The Crosses Of Auschwitz: Nationalism And Religion In Post-communist Poland

Paperback | September 15, 2006

byGeneviève Zubrzycki

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In the summer and fall of 1998, ultranationalist Polish Catholics erected hundreds of crosses outside Auschwitz, setting off a fierce debate that pitted Catholics and Jews against one another. While this controversy had ramifications that extended well beyond Poland’s borders, Geneviève Zubrzycki sees it as a particularly crucial moment in the development of post-Communist Poland’s statehood and its changing relationship to Catholicism.

In The Crosses of Auschwitz, Zubrzycki skillfully demonstrates how this episode crystallized latent social conflicts regarding the significance of Catholicism in defining “Polishness” and the role of anti-Semitism in the construction of a new Polish identity. Since the fall of Communism, the binding that has held Polish identity and Catholicism together has begun to erode, creating unease among ultranationalists. Within their construction of Polish identity also exists pride in the Polish people’s long history of suffering. For the ultranationalists, then, the crosses at Auschwitz were not only symbols of their ethno-Catholic vision, but also an attempt to lay claim to what they perceived was a Jewish monopoly over martyrdom.

This gripping account of the emotional and aesthetic aspects of the scene of the crosses at Auschwitz offers profound insights into what Polishness is today and what it may become.

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In the summer and fall of 1998, ultranationalist Polish Catholics erected hundreds of crosses outside Auschwitz, setting off a fierce debate that pitted Catholics and Jews against one another. While this controversy had ramifications that extended well beyond Poland’s borders, Geneviève Zubrzycki sees it as a particularly crucial momen...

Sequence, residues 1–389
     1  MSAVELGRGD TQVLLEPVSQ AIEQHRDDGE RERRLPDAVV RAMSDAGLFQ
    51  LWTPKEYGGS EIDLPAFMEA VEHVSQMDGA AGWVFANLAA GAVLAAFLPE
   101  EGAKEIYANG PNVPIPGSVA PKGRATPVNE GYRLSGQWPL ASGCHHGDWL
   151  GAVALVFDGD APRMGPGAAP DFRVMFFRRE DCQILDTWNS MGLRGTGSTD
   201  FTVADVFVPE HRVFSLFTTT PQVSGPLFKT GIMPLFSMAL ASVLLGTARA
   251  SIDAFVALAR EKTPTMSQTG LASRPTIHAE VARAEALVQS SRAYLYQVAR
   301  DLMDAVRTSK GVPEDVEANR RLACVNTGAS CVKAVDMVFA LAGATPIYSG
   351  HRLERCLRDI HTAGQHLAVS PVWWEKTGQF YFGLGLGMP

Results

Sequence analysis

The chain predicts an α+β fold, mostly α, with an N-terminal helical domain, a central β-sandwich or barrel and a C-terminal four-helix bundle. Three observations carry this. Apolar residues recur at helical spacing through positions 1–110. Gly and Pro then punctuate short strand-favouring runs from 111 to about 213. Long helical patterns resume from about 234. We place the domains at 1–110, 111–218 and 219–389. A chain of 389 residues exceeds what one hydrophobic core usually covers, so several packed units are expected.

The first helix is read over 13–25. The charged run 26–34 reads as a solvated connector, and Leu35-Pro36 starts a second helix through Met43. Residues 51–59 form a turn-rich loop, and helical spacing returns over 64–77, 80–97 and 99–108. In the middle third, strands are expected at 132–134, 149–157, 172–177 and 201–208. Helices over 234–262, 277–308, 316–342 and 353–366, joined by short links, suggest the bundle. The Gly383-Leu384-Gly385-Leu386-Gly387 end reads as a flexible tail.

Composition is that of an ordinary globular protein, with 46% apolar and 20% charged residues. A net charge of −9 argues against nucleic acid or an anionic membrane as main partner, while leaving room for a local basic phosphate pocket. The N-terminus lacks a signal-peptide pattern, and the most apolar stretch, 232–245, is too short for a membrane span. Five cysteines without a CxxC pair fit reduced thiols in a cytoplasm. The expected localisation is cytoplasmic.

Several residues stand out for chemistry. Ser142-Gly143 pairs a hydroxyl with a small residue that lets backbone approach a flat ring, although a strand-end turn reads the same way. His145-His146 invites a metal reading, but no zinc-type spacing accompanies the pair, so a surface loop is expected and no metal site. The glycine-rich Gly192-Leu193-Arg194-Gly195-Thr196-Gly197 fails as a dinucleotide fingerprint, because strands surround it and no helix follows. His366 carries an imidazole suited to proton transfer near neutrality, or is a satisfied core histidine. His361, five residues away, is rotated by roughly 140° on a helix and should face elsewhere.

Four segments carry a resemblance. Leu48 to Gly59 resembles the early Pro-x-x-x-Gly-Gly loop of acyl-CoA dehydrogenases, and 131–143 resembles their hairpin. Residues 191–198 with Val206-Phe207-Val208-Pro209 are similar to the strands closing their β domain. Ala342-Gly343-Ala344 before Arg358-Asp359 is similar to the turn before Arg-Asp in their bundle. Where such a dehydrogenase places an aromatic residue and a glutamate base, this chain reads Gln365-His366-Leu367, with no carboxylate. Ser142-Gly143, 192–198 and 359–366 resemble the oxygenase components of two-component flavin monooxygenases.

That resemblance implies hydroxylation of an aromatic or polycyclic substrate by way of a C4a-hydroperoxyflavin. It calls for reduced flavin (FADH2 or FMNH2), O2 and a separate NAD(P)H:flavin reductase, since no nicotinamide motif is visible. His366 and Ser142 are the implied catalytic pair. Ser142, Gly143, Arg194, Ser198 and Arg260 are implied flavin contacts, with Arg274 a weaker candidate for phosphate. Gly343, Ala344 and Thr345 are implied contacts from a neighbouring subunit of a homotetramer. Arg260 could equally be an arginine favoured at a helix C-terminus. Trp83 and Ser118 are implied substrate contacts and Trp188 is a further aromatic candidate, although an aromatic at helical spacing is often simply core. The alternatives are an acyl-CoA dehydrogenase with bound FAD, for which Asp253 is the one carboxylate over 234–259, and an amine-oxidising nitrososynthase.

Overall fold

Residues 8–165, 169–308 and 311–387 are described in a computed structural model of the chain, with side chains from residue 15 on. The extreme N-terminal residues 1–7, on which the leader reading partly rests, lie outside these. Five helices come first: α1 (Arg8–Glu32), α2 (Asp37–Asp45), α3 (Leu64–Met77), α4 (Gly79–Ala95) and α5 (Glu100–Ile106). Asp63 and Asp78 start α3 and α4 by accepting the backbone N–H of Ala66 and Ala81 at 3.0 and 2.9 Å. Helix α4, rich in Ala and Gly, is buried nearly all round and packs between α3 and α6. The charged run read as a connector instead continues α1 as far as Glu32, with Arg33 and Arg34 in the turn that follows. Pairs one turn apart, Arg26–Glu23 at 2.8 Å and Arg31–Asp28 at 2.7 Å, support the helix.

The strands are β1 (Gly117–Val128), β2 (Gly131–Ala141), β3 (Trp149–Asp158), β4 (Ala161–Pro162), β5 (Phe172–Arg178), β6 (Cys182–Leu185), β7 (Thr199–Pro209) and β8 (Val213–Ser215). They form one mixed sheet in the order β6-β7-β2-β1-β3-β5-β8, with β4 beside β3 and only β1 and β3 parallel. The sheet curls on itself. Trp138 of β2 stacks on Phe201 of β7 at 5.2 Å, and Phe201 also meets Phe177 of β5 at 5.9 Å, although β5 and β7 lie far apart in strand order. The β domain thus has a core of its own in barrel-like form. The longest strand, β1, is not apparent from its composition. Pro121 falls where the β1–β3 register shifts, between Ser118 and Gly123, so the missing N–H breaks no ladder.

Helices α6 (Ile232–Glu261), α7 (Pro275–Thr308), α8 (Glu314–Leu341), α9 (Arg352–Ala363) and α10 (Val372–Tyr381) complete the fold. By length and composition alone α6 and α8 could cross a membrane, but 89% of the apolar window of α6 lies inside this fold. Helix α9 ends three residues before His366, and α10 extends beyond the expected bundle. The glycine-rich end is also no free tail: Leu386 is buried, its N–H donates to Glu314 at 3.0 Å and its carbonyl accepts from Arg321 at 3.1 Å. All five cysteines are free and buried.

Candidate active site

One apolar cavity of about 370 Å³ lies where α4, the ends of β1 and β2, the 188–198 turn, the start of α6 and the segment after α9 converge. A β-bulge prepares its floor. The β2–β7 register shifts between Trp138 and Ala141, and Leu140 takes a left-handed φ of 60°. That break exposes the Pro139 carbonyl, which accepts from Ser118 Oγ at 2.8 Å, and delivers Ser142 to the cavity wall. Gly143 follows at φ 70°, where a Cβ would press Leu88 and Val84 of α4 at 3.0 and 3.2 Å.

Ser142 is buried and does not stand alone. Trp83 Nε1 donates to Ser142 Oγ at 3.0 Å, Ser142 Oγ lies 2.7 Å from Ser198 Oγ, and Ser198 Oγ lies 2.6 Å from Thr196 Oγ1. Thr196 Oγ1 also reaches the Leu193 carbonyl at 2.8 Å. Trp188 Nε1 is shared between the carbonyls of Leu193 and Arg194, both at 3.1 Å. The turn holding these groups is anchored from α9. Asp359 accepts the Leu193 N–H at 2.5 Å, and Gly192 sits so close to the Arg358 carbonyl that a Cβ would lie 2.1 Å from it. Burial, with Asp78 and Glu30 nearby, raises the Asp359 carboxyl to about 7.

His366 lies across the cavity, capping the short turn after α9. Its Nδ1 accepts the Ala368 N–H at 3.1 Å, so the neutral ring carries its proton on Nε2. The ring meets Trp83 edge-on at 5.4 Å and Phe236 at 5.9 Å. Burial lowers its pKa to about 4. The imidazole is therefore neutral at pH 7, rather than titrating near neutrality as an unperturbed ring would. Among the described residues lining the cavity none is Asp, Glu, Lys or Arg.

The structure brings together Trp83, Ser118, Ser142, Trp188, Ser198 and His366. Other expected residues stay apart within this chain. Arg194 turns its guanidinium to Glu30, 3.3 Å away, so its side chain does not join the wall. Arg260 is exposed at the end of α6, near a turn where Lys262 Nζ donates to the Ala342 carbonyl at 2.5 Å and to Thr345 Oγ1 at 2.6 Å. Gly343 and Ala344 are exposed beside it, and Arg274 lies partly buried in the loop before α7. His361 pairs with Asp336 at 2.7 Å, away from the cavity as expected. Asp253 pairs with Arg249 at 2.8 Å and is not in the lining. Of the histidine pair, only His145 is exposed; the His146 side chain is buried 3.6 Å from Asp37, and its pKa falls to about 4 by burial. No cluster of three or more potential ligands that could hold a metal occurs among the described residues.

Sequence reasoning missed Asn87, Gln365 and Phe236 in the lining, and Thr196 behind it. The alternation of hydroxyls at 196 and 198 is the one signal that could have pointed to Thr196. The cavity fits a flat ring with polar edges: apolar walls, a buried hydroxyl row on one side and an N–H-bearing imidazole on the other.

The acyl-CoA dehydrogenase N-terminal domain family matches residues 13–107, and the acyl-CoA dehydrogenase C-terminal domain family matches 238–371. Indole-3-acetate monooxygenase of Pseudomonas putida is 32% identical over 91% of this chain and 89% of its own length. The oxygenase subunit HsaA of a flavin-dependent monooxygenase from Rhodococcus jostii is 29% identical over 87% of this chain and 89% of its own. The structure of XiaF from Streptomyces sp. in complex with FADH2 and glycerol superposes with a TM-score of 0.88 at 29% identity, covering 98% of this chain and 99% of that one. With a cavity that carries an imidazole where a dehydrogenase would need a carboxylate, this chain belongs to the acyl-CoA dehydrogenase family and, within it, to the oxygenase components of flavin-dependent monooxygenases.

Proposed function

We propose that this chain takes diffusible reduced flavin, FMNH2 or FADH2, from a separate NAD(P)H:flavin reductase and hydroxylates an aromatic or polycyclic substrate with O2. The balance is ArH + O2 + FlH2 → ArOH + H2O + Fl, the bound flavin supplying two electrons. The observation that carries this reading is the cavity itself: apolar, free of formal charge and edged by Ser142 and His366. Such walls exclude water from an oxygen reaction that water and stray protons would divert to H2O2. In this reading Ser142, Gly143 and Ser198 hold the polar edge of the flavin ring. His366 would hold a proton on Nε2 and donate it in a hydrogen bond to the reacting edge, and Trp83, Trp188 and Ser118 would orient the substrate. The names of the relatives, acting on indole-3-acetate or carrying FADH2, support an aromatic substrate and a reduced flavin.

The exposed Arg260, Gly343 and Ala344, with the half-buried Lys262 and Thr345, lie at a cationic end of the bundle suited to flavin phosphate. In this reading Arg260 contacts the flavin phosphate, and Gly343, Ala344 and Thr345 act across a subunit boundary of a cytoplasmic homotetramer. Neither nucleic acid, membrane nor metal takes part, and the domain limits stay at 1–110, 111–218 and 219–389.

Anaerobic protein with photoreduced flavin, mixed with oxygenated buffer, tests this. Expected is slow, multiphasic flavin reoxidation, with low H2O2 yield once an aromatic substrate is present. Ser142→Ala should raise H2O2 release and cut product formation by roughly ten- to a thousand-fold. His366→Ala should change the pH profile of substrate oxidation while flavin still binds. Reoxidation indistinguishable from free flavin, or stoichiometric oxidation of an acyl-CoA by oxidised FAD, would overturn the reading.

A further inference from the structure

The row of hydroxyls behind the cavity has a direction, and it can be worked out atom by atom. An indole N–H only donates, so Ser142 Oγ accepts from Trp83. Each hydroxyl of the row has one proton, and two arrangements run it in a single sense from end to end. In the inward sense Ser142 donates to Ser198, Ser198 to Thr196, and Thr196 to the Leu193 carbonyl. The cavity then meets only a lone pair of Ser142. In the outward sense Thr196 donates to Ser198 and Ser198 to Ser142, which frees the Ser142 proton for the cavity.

From the Jacket

In the summer and fall of 1998, ultranationalist Polish Catholics erected hundreds of crosses outside Auschwitz, setting off a fierce debate between Poles and Jews about the memory of the former death camp and the presence of Christian symbols in its vicinity. While this controversy had ramifications that extended well beyond Poland’s ...

Geneviève Zubrzycki is assistant professor of sociology at the University of Michigan.

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Hardcover|Dec 13 2016

$136.48 online$136.50list price
Format:PaperbackDimensions:280 pages, 9 × 6 × 1.1 inPublished:September 15, 2006Publisher:University Of Chicago PressLanguage:English

The following ISBNs are associated with this title:

ISBN - 10:0226993043

ISBN - 13:9780226993041

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Extra Content

Table of Contents

List of Illustrations
Preface 
Acknowledgments
Abbreviations
Key to Pronunciation
Introduction and Theoretical Orientations
1. Genealogy of Polish Nationalism 
2. "We, the Polish Nation": Redefining the Nation in Post-Communist Poland
3. "Oswiecim"/"Auschwitz": Archaeology of a Contested Site and Symbol 
4. The Aesthetics of the War of the Crosses: Mobilizing "the Nation"
5. Debating Poland by Debating the Cross
Conclusion: Nationalism and Religion Reexamined 
Appendix A: Newspapers Consulted  
Appendix B: Preamble to the Constitution of the Third Republic of Poland
Appendix C: Historical Cues 
References 
Index

Editorial Reviews

"Zubrzycki's prose is both eloquent and clear, holding the reader's attention even through the most complex theoretical presentations and most detailed historical accounts. . . . This book has already become required reading for anyone interested in Poland or Roman Catholicism, and it should be part of any bibliography dealing with the relationship between religion, politics, and cultural identity."